Attachment is as an affection or fondness for someone or something. Attachment is “an affectionate bond between two individuals that endures through space and time and serves to join them emotionally”. (Butler.I, Hickman.C ,2011, pg 14) Attachment theory is the theory of how infant and caregiver bond from the works of John Bowlby and Mary Ainsworth (Ainsworth & Bowlby, 1991 ).They use the approachs from animal behaviour, how people communicate, how infants process information, how people change over their life , and the unconscious mind. Attachment is “not synonymous with love or affection; it is not an overall descriptor of the relationship between the parent and child which includes other parent–child interactions such as feeding, stimulation, play or problem solving” (Prior, 2006, pg 15) Attachment theory is based on a emotional and physical attachment that is important to the personal development of a child. The attachment is shown by some behaviors in infants, such as needing closeness with the attachment figure when upset or threatened, the infant uses the figure as secure base that the child can use when in need of security and comfort (Bowlby, 1969).
Psychology Assignment. Whilst the process of attachment in early life may appear straightforward, there is however, a number of theories that can explain how this can vary. The development and importance of attachment in early life is well portrayed in psychological theory and in psychological research. The definition of attachment according to Bowlby (1982) (Psychological Science by Michael Gazzaniga Page 366) is that "attachment is a strong, emotional connection that persists over time and across circumstances". In order for a human being to have a successful social life in later years, it is of the utmost importance that emotional bonds act as building blocks for development.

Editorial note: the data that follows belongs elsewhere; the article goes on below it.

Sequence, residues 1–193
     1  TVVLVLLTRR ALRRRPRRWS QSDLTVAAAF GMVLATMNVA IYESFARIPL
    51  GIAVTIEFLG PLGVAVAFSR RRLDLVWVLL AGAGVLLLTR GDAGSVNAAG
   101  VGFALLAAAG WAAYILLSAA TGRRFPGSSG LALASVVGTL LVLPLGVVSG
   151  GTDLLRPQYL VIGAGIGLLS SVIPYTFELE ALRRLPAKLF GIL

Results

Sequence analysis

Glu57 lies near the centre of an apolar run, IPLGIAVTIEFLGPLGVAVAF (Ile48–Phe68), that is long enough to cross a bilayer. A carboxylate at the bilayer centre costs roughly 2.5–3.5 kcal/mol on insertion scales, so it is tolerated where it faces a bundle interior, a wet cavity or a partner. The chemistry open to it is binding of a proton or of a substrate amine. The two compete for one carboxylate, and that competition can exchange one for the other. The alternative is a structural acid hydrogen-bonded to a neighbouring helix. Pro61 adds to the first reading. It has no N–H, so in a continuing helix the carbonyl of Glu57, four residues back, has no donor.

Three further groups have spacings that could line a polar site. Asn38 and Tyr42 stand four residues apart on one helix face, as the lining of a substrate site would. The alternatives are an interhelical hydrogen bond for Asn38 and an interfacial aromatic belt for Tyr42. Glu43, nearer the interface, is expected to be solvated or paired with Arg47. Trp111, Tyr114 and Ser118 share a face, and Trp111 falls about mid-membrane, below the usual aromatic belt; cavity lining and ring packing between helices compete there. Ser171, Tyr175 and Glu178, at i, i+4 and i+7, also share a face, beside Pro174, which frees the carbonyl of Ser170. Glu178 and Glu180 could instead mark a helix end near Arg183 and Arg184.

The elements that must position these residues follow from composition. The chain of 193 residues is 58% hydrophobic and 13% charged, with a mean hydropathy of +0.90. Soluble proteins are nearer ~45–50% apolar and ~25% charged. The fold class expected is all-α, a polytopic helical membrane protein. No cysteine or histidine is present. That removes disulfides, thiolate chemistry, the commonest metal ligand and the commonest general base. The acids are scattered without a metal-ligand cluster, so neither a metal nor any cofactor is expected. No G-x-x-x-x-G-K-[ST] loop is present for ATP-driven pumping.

Bowlby (1988) used attachment theory to explain that how the relationship between the infants and caregiver influenced infants' development. Attachment can determine the wariness of strangers in infants and the fear feeling of being separated from the caregivers. Separation anxiety can be usually seen when infants are separated with caregivers at the age about 6-8 months. In fact, infants increase preference to caregivers and
Essay on Family Reflection and Attachment Did you know that lack of attunement or misattunement from parent or primary caregiver can result in an insecure attachment? First, let’s define what is attunement? “attunement means being in harmony; being aware of and responsive to another” (Catlett, n.d.). The purpose of my paper is to explain more in depth the four types of attachments styles, learn more about the personal early childhood attachments styles, reflection on adult attachment styles and the implications of attachment styles for engagements. As a Social Work student understanding attachment theory along with my own attachment style is very important because I can use this knowledge as a tool during my assessment process when working with clients.